After all, my daddy WAS in the oil business and we really DID live near Paris–two impressive details for a ten-year-old who had just moved to a new town…in the middle of the school year…without her daddy.
The truth is my Daddy’s oil business was limited to a huge hose and a big-bellied heating oil truck with the words “Be Sure With Pure” painted across the back. And our close proximity to Paris was a tiny four-room house at the base of Paris Mountain in Greenville, SC. Minor details that would have tarnished the new-kid-on-the-block’s much-needed delusions of grandeur.
But even now, as an adult who loves the Lord and is committed to truth, it would be easy to get caught up in the world’s culture of half-truths. Even in the world of Christian speaking and writing.
Let’s face it, publishing is a competitive business, and especially now with the current state of the industry. So regardless of what we’re pitching, the representative will most likely question us with that dreaded 8-letter word: Platform.
The powers-that-be want to know what else we can bring to the table that to help sell the book or book the event. The speaker’s bureau wants to know our level of speaking experience. If we’re not careful, that’s when delusions of grandeur can take over, and we can find ourselves speaking the language of half-truths.
- “How many times did you speak last year?” Twenty-two, we write with confidence. (No one needs to know the total included 12 monthly devotions read to our ladies SS class, or that we spoke to hundreds as we gave the treasurer’s report for the school PTA.)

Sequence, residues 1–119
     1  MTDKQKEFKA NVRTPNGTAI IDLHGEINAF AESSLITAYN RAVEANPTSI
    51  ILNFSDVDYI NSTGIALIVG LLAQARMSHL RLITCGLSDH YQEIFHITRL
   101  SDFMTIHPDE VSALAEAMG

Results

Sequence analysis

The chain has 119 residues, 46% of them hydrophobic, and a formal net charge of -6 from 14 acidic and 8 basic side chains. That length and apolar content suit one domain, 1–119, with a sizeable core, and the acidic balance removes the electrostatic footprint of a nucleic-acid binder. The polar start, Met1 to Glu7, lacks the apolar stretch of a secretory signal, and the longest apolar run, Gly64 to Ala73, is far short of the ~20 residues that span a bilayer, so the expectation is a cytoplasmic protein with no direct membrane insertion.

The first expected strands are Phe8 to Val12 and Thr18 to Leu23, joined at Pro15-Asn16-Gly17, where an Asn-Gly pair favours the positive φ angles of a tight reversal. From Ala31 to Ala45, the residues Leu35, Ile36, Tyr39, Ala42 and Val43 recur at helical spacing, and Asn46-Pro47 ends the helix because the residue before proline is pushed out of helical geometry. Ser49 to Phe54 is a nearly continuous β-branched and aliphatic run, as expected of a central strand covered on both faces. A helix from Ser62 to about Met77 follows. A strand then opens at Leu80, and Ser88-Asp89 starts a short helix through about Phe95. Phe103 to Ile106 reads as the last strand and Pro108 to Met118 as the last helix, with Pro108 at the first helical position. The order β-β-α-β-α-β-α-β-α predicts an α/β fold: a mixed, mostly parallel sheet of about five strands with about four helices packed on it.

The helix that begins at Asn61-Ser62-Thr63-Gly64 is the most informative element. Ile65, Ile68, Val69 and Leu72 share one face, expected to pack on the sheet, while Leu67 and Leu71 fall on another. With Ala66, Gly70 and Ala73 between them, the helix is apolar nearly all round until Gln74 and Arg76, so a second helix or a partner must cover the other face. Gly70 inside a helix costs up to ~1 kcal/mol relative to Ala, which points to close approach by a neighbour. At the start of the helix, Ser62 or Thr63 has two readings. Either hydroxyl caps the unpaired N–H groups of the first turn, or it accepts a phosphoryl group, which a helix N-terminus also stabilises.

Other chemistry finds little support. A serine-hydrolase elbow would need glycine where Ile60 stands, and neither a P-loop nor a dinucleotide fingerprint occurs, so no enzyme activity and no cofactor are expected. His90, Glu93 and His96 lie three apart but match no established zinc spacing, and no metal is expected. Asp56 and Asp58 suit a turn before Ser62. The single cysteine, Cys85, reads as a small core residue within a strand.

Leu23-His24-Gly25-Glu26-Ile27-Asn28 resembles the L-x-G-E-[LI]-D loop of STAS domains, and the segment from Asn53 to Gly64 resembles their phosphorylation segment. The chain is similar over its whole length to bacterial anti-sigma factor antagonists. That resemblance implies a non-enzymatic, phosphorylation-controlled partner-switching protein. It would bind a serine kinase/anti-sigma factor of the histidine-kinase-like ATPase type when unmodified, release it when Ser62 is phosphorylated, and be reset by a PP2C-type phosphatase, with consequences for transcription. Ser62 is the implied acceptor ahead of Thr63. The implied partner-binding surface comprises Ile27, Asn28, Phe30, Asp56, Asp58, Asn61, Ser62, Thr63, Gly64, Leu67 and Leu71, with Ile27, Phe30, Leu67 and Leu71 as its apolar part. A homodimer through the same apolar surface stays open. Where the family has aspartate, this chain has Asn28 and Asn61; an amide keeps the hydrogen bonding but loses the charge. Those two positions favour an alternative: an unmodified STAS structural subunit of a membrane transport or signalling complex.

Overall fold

- “How many positive reviews have you obtained for the book?” Five. (Mom, grandma, brother, daughter, and granddaughter all said it was great!)
- “What associations will you ask to partner with you in the promotion of this book?” 1)The AARP (after all, I’ve been paying my dues since 1998) and 2)Focus on the Family (I did write that one filler for them fifteen years ago).
- “Who do you know that you can ask to endorse the book?” 1. Beth Moore. (I went to one of her simulcasts.) 2. Cec Murphey (I’m a member of The Writer’s View and he’s a panelist. Isn’t that what he’s supposed to do?) 3. Mary Higgins Clark. (I’ve read all her books and I write like her.)
Okay, I admit, some of them are goofy, but you get the idea. Yes, we might be able to respond with those answers, but are they really true in the truest sense of the word? Or are they half-truths that follow the letter–but not the intent–of the law? Are they claiming the true half of a half-truth, knowing that its goal is to deceive? If ever our words are manipulated to mean something other than the total truth, they are whole lies.
One of my most profound aha moments of Christian life was when I realized that I couldn’t manipulate God. Regardless of how delicately I tiptoed around the bottom line; regardless of how true the true half was; regardless of the well-chosen words that came from my mouth or my pen or my computer keys…God knew my heart and my intent. I couldn’t manipulate Him.
And I can’t expect Him to bless my writing and speaking efforts if I try to manipulate reality through well-chosen, well-placed, deceit-intentioned words.
And that, my friends, is the truth.
Truthful lips endure forever, but a lying tongue lasts only a moment. Proverbs 12:19 (NIV)
You were taught, with regard to your former way of life, to put off your old self, which is being corrupted by its deceitful desires; to be made new in the attitude of your minds; and to put on the new self, created to be like God in true righteousness and holiness. Ephesians 4:22-24 (NIV)
Grace and truth be yours in abundance,